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Public Health Data

Data Resolution and Quality Issues

Data resolution and quality issues  

Maintaining disease incidence data and presenting morbidity and mortality information is one of the most important tasks of Two Rivers Health Department. Wider dissemination allow us to keep citizens of the health district more informed, while simultaneously providing policy makers with accurate tools for long-term planning and forecasting. In the context of the global covid-19 pandemic however, the urge to report new cases must often be balanced against the real-time exigencies caused by the time lag in data collection, collation and verification between State and local health departments. 

In 1999, Nebraska was the first state in the US to set up a web-based laboratory test ordering and reporting system for public health laboratories. The system, named Public Health Laboratories Information Program (PHLIPS), was later upgraded to the Electronic Laboratory Information and Retrieval Technology (ELIRT) system in 2005. Currently, the state uses an upgraded version (NuLIRT) and tracks testing done for disease conditions like West Nile virus, sexually transmitted diseases, hemorrhagic E-coli, lead screening, salmonella, Bordetella, measles, pertussis and tuberculosis. These technology systems are critical tools in our response to ongoing health problems as well as emerging health emergencies by allowing us to monitor, predict and plan prevention and mitigation strategies. Nebraska was the first state in 2003 to adopt the Electronic Laboratory Reporting (ELR) system that was developed by the CDC. All local health departments were brought online by 2005. The TRPHD primarily relies on NEDSS and NuLIRT to obtain comprehensive and reliable laboratory data on ongoing communicable health problems, including covid-19. 

At TRPHD, we aim to ensure data integrity by focusing on three key aspects: data quality, safety and fidelity. Data quality is a constant challenge because of the disparate nature of covid-19 testing and treatment sites, often co-ordinated by multiple agencies and private entities across a patchwork of local health departments and county administrations in Nebraska. TRPHD has a dedicated team of contact tracers who follow up each positive case with a telephone call for communicating health safety messages and for thinking through quarantine plans. Multiple attempts are made to reach out to district residents in the three applicable languages (English, Spanish and Somali) and to verify information while collecting newer data. This data is entered in the common dashboard in real-time.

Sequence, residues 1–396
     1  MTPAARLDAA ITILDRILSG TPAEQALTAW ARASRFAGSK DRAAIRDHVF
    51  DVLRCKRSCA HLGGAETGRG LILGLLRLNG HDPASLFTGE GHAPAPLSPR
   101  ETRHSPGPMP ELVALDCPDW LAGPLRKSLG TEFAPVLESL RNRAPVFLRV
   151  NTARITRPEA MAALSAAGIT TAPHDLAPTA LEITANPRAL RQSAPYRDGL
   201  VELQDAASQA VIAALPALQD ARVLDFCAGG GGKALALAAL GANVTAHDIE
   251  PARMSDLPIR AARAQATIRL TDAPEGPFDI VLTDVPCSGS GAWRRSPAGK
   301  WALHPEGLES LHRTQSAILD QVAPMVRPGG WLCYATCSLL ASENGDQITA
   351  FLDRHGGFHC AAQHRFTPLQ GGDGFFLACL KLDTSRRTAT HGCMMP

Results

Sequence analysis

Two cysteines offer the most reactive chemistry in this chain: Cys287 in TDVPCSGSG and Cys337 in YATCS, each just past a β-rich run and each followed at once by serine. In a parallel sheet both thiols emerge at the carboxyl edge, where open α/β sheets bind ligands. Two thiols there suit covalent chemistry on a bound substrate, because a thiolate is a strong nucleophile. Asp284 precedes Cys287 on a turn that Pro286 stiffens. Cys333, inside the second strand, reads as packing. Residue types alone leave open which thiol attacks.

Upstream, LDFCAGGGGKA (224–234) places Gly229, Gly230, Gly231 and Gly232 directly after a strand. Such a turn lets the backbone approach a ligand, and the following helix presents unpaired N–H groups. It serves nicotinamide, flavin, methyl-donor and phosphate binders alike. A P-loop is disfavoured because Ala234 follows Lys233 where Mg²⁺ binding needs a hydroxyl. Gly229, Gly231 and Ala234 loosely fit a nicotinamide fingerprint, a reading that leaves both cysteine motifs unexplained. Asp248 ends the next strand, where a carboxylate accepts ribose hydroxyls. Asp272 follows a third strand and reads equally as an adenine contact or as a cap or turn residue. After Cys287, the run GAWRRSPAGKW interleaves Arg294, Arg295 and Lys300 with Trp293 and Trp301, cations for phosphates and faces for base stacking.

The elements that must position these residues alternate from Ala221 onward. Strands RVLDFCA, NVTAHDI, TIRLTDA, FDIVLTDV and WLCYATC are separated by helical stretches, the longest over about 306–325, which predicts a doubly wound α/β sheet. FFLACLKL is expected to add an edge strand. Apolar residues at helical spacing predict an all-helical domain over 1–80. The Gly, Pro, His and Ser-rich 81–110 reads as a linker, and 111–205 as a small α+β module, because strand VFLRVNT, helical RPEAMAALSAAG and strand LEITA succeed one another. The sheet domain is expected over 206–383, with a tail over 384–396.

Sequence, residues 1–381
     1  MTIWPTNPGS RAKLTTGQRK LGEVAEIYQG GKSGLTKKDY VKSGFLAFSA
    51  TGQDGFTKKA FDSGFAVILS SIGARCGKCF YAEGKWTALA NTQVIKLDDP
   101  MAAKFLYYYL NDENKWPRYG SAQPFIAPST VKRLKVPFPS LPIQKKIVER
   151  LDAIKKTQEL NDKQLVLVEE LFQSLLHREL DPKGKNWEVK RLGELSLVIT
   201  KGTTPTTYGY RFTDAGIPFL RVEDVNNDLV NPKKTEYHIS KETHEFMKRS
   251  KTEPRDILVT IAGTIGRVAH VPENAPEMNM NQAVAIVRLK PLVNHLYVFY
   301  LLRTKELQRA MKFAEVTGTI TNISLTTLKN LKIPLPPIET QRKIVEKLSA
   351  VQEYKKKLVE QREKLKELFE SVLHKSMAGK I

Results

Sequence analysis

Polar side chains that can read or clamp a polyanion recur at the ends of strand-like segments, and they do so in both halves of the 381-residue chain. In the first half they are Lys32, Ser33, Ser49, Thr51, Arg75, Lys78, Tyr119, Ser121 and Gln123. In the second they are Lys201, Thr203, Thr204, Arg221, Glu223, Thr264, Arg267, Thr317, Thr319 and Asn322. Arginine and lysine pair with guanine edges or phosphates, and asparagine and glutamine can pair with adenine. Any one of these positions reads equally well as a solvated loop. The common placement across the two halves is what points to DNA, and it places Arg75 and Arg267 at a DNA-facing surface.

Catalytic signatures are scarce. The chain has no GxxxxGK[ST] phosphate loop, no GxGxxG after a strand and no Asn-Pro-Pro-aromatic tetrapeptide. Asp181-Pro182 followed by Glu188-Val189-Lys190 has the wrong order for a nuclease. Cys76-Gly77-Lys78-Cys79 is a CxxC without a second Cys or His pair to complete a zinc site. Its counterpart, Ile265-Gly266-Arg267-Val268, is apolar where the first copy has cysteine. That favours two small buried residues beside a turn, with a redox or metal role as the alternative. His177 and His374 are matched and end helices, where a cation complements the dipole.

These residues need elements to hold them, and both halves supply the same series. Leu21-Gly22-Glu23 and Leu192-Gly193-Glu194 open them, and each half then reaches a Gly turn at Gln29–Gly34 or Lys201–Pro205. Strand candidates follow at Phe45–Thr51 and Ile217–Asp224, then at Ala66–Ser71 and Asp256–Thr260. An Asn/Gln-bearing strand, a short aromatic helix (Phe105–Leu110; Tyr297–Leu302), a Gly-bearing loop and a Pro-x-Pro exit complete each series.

Data safety is ensured by end-to-end encryption of all public health data that is shared or analyzed by TRPHD. Currently we ensure this through the use of online tools like citrix sharefile, and ensuring standard protocols for storage and disposal of paper records.

Data fidelity remains the biggest challenge to TRPHD’s attempts to reconcile data across multiple systems and to present the public with accurate tools to assess risk and monitor progress. Due to the unavoidable delay that occurs as data reconciliation occurs between local and state health department sources, minor discrepancies in case counts or testing numbers may understandably cause confusion in the minds of citizens. We would like to assure citizens that we take the job of analyzing and presenting data very seriously, and are constantly vigilant in detecting potential sources of error, while working closely with State health agencies to resolve issues. In case of any discrepancy, the district population is advised to refer to the numbers released by TRPHD, as these represent the most accurate count for disease numbers as of that day.